1973 TOPPS BASEBALL CARDS VALUES

The 1973 Topps baseball card set is considered one of the more iconic issues from the early 1970s due to some of the rookie cards and stars featured. Over the past decade, values of certain key cards from the 782-card set have increased considerably.

This was the first Topps set to feature player headshots taken with dark film backgrounds rather than team uniforms. The design featured a color team logo at the top along with the player’s position and batting or pitching stats. At the bottom was the team name written in a script font. The backs continued with the simple white design featuring career stats and a short biography.

The rookie class of 1973 included Hall of Famers Dave Winfield, John Montefusco and player-turned-manager Jim Leyland. Some key rookie cards to look for include:

Dave Winfield, Padres (#1): One of the most iconic rookie cards in the sport. Near mint copies in PSA 8 or 9 condition can fetch $3,000-$5,000. Higher grades above PSA 9 push into the $10,000 range.

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John Montefusco, Giants (#659): A PSA 8 trades for $500-800 while a PSA 9 goes for $1,000-1,500. Higher grades command more value.

Jim Leyland, Pirates (#675): Has increased in value steadily the past few years. PSA 8 is $150-250 and PSA 9 is $300-500.

Ron Cey, Dodgers (#30): Not a hall of famer but an important Dodger from that era. PSA 8 is $150-250.

Bert Blyleven, Twins (#684): PSA 8 is $150-250. His dominance in the late 70s and 80s has increased interest in his rookie card long term.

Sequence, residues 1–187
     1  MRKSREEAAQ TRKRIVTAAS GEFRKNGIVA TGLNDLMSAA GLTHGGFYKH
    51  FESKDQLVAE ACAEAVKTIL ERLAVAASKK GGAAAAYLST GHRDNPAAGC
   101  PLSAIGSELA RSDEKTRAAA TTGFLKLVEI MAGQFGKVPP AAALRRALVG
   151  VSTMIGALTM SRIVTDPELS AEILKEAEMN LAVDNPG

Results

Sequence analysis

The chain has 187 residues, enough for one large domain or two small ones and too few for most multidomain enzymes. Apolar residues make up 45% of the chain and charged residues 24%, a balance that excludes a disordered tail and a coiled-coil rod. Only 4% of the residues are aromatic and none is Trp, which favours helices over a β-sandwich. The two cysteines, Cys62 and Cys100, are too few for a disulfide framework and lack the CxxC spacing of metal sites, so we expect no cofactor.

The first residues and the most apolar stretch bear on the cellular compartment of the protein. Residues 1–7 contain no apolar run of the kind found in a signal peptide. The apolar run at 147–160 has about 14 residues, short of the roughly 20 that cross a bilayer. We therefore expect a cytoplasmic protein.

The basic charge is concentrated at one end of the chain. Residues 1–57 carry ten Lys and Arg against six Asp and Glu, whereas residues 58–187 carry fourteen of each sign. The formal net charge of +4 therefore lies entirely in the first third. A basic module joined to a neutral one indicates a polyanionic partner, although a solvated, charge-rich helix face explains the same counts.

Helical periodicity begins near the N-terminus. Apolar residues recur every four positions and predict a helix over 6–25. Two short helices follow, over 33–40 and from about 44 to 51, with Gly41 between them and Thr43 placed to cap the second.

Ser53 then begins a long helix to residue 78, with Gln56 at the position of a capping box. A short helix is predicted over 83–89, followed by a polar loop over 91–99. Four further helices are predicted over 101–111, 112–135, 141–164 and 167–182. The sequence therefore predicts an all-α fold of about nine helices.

Some of the veteran superstars featured in the set that command big money include Nolan Ryan’s Astros card (#632), Roberto Clemente’s Pirates (#20), Hank Aaron’s Braves (#75) and Willie Mays’ Mets (#660). All are highly coveted by collectors in high grades.

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The biggest stars fetch the highest prices. A PSA 9 Nolan Ryan can sell for over $8,000. A PSA 8 Hank Aaron is $2,000-3,000 and a PSA 9 is $5,000-7,000. A PSA 9 Roberto Clemente is $7,000-10,000 range while his PSA 8 goes for $3,000-5,000.

The 1973 Topps set also features unique error cards that are highly sought after. The two most notable are:

Mike Kekich, Yankees (error): Has him wearing a Yankees cap and uniform but credited to the Indians on front. Scarce error that a PSA 8 sold for $5,000 in early 2020 auction.

George Scott, Brewers (error): Credited to the “Brewers” but photo shows his Expos uniform clearly. PSA 8 trades between $1,200-2,000.

Beyond the star rookies and veterans, there are also several other notable short prints and harder to find cards that command demand:

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Bill Singer, Angels SP (#670): Low printed short print. PSA 8 trades for $300-500.

Clarence Gaston, Expos SP (#662): Scarce find. PSA 8 brings $200-350 range.

Dan Spillner, A’s SP (#628): One of the toughest 1973 SPs to locate. PSA 8 potential $500+ card.

Willie Davis, Dodgers SP (#50): Quality versions still around $150-250 in PSA 8.

Don Sutton, Dodgers (#12): High quality years were ahead but still valuable Dodgers star. PSA 8 is $150-250.

The 1973 Topps set is remarkably complete and accessible for collectors of all budgets. Many key stars and rookies can be found in affordable near mint grades while gem mint copies of the true vintage stars continue increasing in value steadily. For a vintage set with so many iconic players featured, 1973 Topps cards remain a relatively inexpensive entry into the vintage hobby.

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